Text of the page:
When you think of the country you love, how do you sing, dance, tell its story? Does it, for example, look anything like this painting (pic to the left)? In a recent article - how do we get out of this mess - George Monbiot rightly identified the underlying narratives of our lives as major determinants of history, politics and healthy societies. This is at the core of so many of our contemporary conflicts and tensions. For it is by the stories we live, the songs we sing, the moves we make, that we shape our world and are shaped. Monbiot correctly observes that this is why some will act in ways which are actually self-destructive and even resist change which is in their best interest. This helps us better to understand challenges like the Brexit vote, the political success of Donald Trump, and the obstinate blinkers of some farmers and rural people to the realities of climate change. Outlining both the power, and the weaknesses, of two major political-economic stories (the Keynesian and 'free market'/monetarist paradigms) within which the 'developed' world has lived for the last few decades, he pleads for a new story: a story grounded in the environment, the affirmation of human community, and the creation of volunteer networks, mutual help, and advocacy. So how do we create this story? My sense (shared I'm sure by George Monbiot) is that it needs a holistic approach, which weaves together the creative insights and capabilities of our current age with existing wisdom from wherever it can be found, not least from Indigenous peoples and the best of our religious-spiritual traditions...
Highlighted quotations in Songlines: tracking the Seven Sisters - the wonderful current exhibition in the National Museum of Australia - put this beautifully. As Curtis Taylor observed in 2010:
Just like the old people, we are dreaming. We have a new dream with technology. We're using the newest technology with the oldest technology.
For, as David Miller, artist and former chair of Ananguku Arts, similarly said in that same year:
You mob got to help us... those songlines they all been broken up now... you can help us put them all back together again.
The Songlines exhibition (on show in Canberra until 25 February 2018) is a terrific expression of this intent. Part funded by a very generous donation in honour of the late great Father Ted Kennedy (former Catholic parish priest in Redfern, Sydney), it brings the ancient wisdom of Australia alive with a range of media, offering us (through Aboriginal artists, elders and community leaders) fresh yet very old ways of knowing and living into a new story and song for our lives and world. This ancient wisdom has been understood in many ways by different peoples across Australia yet there is a common spirit and intimate connections. This is both a gift and an invitation for others to share and add their own healthy dreaming. For, a the exhibition introduction - 'So everyone can see' - has it:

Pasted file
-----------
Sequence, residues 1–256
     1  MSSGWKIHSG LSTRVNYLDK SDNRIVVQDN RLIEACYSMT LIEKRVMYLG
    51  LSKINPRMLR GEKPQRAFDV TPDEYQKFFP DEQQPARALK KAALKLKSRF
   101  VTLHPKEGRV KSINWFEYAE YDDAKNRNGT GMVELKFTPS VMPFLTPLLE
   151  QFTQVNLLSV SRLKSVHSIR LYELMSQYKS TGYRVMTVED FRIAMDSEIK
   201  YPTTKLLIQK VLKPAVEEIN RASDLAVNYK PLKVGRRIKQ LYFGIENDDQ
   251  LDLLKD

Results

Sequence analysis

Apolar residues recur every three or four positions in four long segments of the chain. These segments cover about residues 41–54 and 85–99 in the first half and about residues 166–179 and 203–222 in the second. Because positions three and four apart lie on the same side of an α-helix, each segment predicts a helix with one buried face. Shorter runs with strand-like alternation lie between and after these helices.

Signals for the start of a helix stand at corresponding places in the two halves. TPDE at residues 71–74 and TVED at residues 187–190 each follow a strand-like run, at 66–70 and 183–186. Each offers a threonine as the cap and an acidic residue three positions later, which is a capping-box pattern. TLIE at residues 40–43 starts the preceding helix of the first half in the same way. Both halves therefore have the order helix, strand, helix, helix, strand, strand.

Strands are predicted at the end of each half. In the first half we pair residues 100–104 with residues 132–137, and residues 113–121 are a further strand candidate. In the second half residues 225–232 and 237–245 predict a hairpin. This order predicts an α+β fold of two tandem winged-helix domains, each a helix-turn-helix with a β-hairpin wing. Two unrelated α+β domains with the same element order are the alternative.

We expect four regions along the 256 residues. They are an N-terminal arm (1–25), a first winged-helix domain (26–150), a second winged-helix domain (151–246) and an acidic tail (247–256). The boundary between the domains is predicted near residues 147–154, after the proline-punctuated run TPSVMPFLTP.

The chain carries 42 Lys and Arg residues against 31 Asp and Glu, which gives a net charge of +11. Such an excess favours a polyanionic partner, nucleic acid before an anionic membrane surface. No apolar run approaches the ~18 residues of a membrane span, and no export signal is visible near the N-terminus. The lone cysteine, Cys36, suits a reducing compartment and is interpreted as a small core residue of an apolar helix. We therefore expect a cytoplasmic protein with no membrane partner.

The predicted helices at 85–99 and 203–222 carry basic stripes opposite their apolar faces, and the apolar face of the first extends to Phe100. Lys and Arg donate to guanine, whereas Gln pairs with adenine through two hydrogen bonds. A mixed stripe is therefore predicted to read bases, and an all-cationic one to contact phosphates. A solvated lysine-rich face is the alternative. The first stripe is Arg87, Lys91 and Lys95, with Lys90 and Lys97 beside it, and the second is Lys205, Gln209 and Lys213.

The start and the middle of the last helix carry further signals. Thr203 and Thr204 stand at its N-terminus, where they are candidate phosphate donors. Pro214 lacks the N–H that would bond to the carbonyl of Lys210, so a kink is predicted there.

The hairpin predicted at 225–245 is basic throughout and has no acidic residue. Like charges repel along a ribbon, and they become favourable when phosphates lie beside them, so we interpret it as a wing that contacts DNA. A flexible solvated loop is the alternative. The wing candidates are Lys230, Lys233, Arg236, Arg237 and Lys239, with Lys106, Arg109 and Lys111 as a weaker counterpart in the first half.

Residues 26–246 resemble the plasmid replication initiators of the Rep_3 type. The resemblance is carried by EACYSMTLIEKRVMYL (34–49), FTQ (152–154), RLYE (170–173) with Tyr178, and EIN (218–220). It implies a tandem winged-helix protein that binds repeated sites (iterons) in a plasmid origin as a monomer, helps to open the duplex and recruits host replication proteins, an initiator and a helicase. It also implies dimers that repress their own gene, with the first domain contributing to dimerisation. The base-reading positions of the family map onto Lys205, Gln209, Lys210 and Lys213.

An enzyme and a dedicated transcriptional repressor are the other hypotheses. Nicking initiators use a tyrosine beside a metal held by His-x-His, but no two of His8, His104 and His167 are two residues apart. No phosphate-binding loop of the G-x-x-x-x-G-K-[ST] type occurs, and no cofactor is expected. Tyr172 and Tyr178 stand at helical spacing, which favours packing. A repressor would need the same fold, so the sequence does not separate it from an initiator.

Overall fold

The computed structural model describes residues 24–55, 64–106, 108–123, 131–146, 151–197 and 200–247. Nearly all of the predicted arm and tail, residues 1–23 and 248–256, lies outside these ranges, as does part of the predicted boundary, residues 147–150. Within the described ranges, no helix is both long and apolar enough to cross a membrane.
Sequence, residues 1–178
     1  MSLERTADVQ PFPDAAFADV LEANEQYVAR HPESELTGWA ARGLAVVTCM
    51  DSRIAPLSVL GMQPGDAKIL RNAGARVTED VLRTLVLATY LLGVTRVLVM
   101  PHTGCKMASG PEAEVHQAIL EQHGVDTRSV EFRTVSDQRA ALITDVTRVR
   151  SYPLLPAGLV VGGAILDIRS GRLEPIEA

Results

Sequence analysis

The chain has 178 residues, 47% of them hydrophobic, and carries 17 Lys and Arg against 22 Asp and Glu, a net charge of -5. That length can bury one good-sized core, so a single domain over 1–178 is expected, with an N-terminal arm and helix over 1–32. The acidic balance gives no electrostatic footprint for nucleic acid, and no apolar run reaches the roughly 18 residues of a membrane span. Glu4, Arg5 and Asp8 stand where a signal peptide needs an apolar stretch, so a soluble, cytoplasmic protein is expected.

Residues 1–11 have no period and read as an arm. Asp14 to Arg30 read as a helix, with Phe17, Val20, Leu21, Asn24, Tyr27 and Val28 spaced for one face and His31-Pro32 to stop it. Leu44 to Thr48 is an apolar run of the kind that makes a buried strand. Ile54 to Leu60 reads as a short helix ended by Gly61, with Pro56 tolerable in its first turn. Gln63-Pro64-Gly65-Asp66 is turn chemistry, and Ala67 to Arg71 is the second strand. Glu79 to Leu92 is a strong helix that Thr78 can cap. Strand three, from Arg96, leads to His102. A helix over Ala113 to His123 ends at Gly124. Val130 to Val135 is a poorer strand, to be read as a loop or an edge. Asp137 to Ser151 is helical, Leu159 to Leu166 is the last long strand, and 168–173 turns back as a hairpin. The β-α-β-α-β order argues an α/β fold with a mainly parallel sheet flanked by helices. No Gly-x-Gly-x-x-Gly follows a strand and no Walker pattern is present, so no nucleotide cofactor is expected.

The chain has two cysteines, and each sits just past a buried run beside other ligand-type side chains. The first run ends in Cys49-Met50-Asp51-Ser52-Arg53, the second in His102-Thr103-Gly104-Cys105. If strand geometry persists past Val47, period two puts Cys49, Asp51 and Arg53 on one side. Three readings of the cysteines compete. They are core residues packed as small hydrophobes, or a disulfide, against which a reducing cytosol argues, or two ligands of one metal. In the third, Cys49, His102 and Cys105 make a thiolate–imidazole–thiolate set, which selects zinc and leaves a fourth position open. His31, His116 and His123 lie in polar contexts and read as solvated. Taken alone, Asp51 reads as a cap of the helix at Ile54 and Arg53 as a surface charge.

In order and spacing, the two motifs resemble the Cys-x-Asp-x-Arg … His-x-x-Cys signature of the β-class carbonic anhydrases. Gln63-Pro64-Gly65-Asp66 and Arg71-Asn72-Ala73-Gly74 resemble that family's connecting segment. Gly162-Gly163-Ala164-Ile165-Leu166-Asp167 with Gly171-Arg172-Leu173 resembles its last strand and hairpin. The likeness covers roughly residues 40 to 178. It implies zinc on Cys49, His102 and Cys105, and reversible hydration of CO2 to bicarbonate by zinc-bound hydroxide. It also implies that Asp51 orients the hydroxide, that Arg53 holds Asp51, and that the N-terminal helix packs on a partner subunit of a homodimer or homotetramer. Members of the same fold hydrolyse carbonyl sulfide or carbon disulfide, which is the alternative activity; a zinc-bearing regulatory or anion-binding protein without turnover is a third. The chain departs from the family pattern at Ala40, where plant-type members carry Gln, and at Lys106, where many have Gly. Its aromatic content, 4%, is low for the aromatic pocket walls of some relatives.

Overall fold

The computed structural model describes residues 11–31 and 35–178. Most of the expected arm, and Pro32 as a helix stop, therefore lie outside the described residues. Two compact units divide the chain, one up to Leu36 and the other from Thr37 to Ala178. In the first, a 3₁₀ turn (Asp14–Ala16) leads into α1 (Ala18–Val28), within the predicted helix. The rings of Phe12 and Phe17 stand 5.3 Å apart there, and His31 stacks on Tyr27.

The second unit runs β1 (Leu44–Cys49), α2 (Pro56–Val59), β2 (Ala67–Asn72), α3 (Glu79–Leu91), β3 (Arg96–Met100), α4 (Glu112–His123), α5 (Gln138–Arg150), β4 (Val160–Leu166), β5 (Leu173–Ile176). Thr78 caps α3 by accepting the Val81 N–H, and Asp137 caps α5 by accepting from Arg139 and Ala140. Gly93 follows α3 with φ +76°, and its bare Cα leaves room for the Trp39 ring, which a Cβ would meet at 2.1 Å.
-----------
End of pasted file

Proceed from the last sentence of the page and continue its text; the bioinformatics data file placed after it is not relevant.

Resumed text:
We have brought the song, stories and paintings full of Tjukurpa, the creation spirit of the Seven Sisters... to show this major creation story here so many other people can look, learn, and increase their understanding. All people, white and black, can come and see and understand. And its for teaching all our children, our granddaughters and our grandsons - to keep the culture strong.
To share in the exhibition is to be drawn more deeply into this ancient story and song of Australia, interpreted afresh by those who are its principal inheritors and stewards. In doing so, all are offered the opportunity to retell our own story and our own song, in ways which contribute to binding up and healing of us all. The depth and textures of the Sisters stories and songs are extraordinary: combining the moral and cosmological power of other ancient mythological tales with distinctive lively, down--to-earth, and even raunchy, aspects which touch so many dimensions of our human lives and longings. In doing so they embody a radical sacramentality, attentiveness and relationality from which Europeanised Christian Faith, as well as secularist philosophy, has so much to learn. May we therefore take up the invitation to the dance and help weave our shared story and song afresh.
Jo Inkpin is an Anglican priest serving as Minister of Pitt St Uniting Church in Sydney, a trans woman, theologian & justice activist. These are some of my reflections on life, spirit, and the search for peace, justice & sustainable creation.